Frontline Report: Combeforce

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The exploits of Combeforce are straight out of a Commando comic. A hell-for-leather drive across the desert, to block the retreat of a whole Italian army!

Frontline report: Combeforce

Following their disastrous invasion of Egypt in December 1940, the Italian army was in full flight. Their fortified camps at Nibewa and Sidi Barrani had been overrun by courageous Commonwealth troops, supported by the mighty Matilda II infantry tank.

Despite the courage of the elite Bersaglieri and Italian regulars, they were completely outclassed technologically, their tanks and anti-tank guns were unable to match the British armour in the field.

Forced onto the defensive after yet another defeat at Tobruk and Derna, the Italian 10th Army attempted to retreat and regroup before launching another offensive.

Enter Combeforce!

Combeforce

Raised at very short notice by Lieutenant-Colonel J.F.B Combe, Combeforce was an ad-hoc combined arms formation, mounted exclusively in wheeled vehicles to speed their crossing across the Libyan desert sands. Combe was ordered to cut 10th Army’s retreat – his plan was to get ahead of their main line of retreat and cut the road, stopping the Italians in their tracks.

To achieve this goal, Combe gathered several squadrons of armoured cars from 11th Hussars, the King’s Dragoon Guards and an RAF detachment, augmenting the light vehicles with truck-mounted infantry from the Rifle Brigade along with 6 25-pdr artillery guns and some portee’d anti-tank guns from the Royal Horse Artillery.

An 8th Army 6-pounder portee in 1942 Combeforce

An 8th Army 6-pounder portee in 1942

A portee describes a truck with an anti-tank gun mounted to the bed, in such a way that it can be easily removed and fired from the truck.

 

Combeforce had nine such vehicles, using 37mm Bofors anti-tank guns mounted on Bedford MW or Morris CS8 15cwt trucks.

 

Hot Pursuit!

A map showing Combeforce's area of operations - with the two main roads marked - the Via Balbia (Blue), and the Tobruk-Ajedabia road (Red)

A map showing Combeforce’s area of operations – with the two main roads marked – the Via Balbia (Blue), and the Tobruk-Ajedabia road (Red)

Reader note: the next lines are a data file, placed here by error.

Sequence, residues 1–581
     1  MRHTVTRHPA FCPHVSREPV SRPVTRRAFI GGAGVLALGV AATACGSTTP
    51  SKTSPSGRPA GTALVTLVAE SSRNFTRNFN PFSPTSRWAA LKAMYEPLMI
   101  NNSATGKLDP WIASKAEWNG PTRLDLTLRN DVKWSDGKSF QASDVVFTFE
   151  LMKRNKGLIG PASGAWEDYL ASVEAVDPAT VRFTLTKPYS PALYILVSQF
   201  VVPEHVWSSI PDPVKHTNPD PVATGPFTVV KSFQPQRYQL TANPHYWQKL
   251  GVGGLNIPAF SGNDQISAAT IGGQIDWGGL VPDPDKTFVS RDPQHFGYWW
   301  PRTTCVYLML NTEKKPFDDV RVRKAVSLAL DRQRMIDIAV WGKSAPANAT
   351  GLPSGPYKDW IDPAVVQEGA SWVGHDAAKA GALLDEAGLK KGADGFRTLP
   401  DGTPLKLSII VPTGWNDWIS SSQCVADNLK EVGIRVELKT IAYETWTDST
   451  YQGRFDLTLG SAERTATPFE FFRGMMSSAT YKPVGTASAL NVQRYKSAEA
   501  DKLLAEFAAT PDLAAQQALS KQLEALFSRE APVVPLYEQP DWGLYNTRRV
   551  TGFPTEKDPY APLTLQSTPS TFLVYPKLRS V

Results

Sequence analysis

Following their defeat at Derna-Mechilli, the Italian army was falling back across the desert towards the town of Ajedabia. Combeforce managed to brave sandstorms and freezing winter weather to establish a roadblock at Beda Fomm, just outside of Antelat.

Using his artillery and anti-tank guns to great effect, Combe stalled several attacks by the veteran Bersaglieri, who were forced to attack piecemeal while their equipment was brought to the head of the retreating column.

Despite their valiant sacrifice, elements of the 7th Armoured Brigade and 7th Support Group came up on the Italian flank and forced an Italian surrender. The area surrounding Beda Fomm had become a 15-mile line of destroyed or abandoned vehicles, along with most of 10th Army’s remaining equipment.

Following the surrender, the British took 25,000 Italian prisoners, spelling the end for the unfortunate 10th Army.

Combeforce in Bolt Action

The exploits of Combeforce and the battle of Beda Fomm can be recreated by playing the Fox Killed in the Open scenario on Page 23 of the Campaign: Western Desert book.

Playing as the Commonwealth, you’ll be using the 1940-1942 British Commonwealth Infantry Brigade selector, with the added bonus of being able to swap your tank choices for more 2pdr portees.

Digging in with a few infantry squads, supported by static and mobile anti-tank guns is the way to play this scenario, perhaps with a fast-moving armoured car and carrier-mounted infantry as a mobile reserve or for rapid counter-attacks.

 

8th Army

Pick up some sets of Commonwealth Infantry and the new 8th Army 2-pdr and build your flying column!

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